Fruit flies are easily identified by their small size and distinguishing feature of bright red eyes. The body of a fruit fly is usually a shade of light yellow darkening to tan. They are about one third of the size of a common house fly.
Fruit flies are extremely common, especially in warmer months when fruit is in season.
Though fruit flies do not bite or sting, they do carry bacteria from feeding on rotting food and they can transmit that through anything they land on.
Inspect Fruit Fly Sources
The first place to look for fruit fly sources is vegetables and fruits stored at room temperature.
Other places include garbage cans, recycling bins and beneath appliances.
Fruit fly larva need moisture and decaying organic matter. For example, spilled juice out of plastic bottles being recycled could lead to a consistently moist environment at the bottom of a recycle bin. Juice spilled under a refrigerator could create a similar environment.
Although eliminating adult fruit flies will definitely reduce the infestations, the only way to consistently keep an area free of them is to eliminate the breeding grounds.
Exclude and Sanitize
When fruit flies begin to proliferate in a home, the first thing that should be done is to sanitize and exclude.
- Clean out garbage cans and dumpsters and make sure they have tight lids.
- Ripened fruit should be eaten, disposed of or refrigerated.
- Any extra moisture should be eliminated and drainage improved, if possible.
- Building openings should be protected by screens.
- Water leakage in the walls of bathrooms and kitchens can be solved by re-grouting the tile.
- Use natural cleaners in areas with grease buildup.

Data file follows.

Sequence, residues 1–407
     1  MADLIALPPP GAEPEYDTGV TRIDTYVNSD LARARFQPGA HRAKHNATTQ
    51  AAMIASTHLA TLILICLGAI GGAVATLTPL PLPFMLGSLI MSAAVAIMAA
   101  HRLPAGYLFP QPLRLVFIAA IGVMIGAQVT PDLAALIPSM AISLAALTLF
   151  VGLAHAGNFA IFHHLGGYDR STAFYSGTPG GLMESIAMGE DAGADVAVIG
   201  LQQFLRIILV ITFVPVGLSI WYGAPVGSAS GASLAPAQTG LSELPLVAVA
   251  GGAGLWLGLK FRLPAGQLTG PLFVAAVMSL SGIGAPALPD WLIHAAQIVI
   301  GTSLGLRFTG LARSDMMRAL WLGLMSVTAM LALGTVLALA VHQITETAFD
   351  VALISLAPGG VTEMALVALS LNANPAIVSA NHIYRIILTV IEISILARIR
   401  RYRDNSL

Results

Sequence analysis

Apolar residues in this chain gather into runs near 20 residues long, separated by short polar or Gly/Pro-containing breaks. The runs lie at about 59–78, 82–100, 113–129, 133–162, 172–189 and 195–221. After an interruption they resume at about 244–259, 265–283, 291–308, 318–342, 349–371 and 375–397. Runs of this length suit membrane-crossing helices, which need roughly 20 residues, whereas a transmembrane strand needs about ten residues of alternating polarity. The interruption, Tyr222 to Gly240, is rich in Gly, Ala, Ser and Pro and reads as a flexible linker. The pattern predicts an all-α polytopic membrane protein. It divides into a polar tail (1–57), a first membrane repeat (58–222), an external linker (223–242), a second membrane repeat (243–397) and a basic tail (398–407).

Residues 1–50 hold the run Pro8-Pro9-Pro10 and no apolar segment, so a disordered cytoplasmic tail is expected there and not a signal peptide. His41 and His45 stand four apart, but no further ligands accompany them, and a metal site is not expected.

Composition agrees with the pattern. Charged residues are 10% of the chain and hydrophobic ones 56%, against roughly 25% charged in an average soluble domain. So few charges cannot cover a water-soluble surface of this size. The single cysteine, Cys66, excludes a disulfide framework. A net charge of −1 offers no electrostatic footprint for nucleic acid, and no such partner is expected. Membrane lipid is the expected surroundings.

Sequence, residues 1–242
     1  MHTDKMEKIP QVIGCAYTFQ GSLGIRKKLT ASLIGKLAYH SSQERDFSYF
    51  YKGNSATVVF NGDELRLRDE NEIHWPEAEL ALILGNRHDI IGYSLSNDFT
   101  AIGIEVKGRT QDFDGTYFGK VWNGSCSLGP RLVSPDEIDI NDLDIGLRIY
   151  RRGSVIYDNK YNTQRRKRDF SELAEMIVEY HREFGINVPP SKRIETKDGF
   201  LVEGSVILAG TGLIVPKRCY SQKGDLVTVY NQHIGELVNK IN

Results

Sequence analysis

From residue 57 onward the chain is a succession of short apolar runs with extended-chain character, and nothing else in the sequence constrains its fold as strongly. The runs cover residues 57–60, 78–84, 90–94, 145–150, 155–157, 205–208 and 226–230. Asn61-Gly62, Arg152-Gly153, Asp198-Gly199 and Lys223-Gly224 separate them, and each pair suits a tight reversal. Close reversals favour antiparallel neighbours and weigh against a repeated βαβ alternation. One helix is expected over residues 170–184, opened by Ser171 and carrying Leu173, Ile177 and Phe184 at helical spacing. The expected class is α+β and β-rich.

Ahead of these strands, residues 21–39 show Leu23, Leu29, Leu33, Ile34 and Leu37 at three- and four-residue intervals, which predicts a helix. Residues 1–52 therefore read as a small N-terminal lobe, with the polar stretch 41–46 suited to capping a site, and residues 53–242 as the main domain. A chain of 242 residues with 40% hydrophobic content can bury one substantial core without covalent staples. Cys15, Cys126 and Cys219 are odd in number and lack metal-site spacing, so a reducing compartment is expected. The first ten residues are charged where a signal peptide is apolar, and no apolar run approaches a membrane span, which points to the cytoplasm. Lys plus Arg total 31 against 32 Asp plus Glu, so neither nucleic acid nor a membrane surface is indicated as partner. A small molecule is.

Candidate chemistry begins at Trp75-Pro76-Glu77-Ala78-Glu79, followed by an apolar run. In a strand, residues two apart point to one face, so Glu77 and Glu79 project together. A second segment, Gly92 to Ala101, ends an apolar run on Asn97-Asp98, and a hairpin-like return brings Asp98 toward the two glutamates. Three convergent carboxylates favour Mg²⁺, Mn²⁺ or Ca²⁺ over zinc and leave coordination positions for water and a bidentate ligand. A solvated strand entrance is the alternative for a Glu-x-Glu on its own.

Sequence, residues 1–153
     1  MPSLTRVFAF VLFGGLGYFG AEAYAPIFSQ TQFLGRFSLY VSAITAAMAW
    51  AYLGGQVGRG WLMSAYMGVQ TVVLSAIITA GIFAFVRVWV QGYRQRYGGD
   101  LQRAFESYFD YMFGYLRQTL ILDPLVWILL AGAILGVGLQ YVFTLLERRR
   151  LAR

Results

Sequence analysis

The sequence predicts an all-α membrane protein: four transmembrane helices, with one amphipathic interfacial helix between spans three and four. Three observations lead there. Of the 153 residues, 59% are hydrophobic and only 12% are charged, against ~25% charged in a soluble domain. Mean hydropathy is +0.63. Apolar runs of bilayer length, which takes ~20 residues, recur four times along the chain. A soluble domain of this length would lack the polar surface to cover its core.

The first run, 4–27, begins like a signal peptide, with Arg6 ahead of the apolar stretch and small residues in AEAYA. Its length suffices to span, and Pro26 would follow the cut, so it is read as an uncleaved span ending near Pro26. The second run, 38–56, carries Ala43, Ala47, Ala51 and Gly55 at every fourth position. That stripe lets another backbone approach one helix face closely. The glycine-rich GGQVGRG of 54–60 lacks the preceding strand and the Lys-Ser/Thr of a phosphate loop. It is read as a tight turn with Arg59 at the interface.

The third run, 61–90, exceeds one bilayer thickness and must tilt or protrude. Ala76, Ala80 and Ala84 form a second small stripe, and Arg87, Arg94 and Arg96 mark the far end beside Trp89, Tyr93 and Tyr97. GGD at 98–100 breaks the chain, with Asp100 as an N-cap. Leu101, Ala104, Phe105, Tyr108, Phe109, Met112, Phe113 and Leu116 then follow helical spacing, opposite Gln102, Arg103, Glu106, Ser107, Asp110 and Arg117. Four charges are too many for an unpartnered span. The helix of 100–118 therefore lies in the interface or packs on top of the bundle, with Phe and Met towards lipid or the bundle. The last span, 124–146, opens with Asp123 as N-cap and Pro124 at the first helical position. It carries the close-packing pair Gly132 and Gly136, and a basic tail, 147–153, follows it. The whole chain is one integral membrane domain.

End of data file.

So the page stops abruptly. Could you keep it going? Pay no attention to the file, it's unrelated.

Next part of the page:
Controlling Fruit Flies
Killing adult fruit flies is the first step towards reducing the infestation. Use fruit fly traps to attract adult flies, or use sprays with peppermint oil, which will kill adult flies on contact.
Another unique way to deal with fruit flies is to obtain Venus Flytrap plants. Keep the plants moist and they will attract the flies and consume them.
It’s also possible to make homemade fruit fly traps with wine or fruit. Wine tends to work better as fruit flies are attracted to fermenting fruit, not fresh fruit.
Put wine in a jar and cover tightly with plastic wrap. Make a few very small holes with a toothpick. This allows the flies to get in, but generally not out, as they eventually drown in the wine.
Other Fruit Fly Tips
Fruit flies are naturally attracted to decaying food, but primarily fruit and vegetables.
They are just as likely to gather around an old glass of juice, soda or alcohol as they are fruit left out on the counter to rot.
Fruit fly larva only feed on the surface of food, so any infected pieces can be cut off.
New fruit fly adults are often attracted to lights, but breeding females do not go far from fermented matter.
A fruit fly life cycle from egg stage to adult is about 10 days, which is why an infestation can multiply quickly.